Job 42:12-17

Beloved, next time you think you are having a bad day, think of Job’s day when he lost his family and livestock all in one day. Then, his health was attacked by Satan. I also urge you to consider how Job was rewarded for testing his faith!

Testing Vs. Temptation

From scriptures and examples in the previous sections, it is clear that God tests us for character development. While God tests us, Satan tempts us. If you hear yourself thinking or saying, “I am tempted to…” this is not from the Holy Spirit. The Holy Spirit does not tempt you. Meanwhile, Satan keeps us in sin by using distractions to test us. He will not reward us. Satan was “a murderer from the beginning” and is the “father of” lies (John 8:44).

Something worth noting is that God can use Satan to test us, as we saw with Job 1. During his test, Job sometimes complains (see chapters 3, 7, 9, and 10), but he remains faithful and continues in prayer. After discussions with God and God correcting Job, God replenishes everything and then some.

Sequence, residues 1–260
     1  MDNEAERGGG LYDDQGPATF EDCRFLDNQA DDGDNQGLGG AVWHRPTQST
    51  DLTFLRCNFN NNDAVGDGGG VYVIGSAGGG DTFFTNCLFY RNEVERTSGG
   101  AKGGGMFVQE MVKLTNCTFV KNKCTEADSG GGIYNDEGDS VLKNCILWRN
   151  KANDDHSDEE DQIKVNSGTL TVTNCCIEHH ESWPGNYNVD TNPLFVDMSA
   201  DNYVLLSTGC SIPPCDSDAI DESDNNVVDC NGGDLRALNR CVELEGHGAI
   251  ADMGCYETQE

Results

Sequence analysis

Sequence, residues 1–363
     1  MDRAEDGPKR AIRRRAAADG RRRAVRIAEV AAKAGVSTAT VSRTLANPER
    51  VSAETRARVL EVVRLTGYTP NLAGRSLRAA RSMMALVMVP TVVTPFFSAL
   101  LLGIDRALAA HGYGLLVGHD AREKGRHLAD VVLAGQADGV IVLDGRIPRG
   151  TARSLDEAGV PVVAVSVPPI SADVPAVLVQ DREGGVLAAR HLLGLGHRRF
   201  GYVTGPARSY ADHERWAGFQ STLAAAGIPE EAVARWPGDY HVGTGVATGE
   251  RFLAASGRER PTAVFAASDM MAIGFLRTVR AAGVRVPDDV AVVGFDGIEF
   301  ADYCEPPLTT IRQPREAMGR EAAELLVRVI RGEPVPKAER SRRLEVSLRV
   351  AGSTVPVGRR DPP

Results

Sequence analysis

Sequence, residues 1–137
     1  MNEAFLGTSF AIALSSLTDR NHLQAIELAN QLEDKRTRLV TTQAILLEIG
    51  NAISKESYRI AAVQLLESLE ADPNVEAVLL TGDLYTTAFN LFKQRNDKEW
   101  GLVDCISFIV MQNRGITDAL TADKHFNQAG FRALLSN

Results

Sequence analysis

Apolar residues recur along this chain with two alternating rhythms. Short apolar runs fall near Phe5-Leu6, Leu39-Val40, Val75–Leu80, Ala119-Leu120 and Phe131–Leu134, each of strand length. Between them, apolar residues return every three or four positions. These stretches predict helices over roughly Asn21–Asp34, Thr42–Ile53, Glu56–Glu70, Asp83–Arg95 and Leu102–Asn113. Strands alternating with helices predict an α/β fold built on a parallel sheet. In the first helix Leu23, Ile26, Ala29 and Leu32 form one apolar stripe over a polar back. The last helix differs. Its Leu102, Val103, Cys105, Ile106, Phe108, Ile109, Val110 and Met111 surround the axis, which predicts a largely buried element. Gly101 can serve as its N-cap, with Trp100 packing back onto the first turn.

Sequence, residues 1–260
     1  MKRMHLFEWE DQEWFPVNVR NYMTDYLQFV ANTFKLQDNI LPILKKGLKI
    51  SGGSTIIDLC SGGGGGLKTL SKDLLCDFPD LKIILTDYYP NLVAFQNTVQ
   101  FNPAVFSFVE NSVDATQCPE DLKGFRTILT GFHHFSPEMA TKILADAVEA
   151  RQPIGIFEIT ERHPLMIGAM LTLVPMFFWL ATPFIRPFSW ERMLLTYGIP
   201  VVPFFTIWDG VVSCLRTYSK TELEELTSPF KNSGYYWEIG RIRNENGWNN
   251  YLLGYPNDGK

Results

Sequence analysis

The distinction here is that God never tempts us. James 1:13 says,Let no one say when he is tempted, ‘I am tempted by God’; for God cannot be tempted by evil, nor does He Himself tempt anyone.”

Accepting Jesus

Are you ready to accept Jesus Christ as your savior today? If so, say this prayer aloud:

God, I confess that Jesus came in the flesh and blood, paid the price for my sins, died on the cross, rose on the third day, ascended to the heavens, and sent the Holy Spirit to help me understand Your Ways. For that, I accept Jesus Christ as my savior and Lord, and I welcome the Holy Spirit in my life. In Jesus’s name, I pray, amen!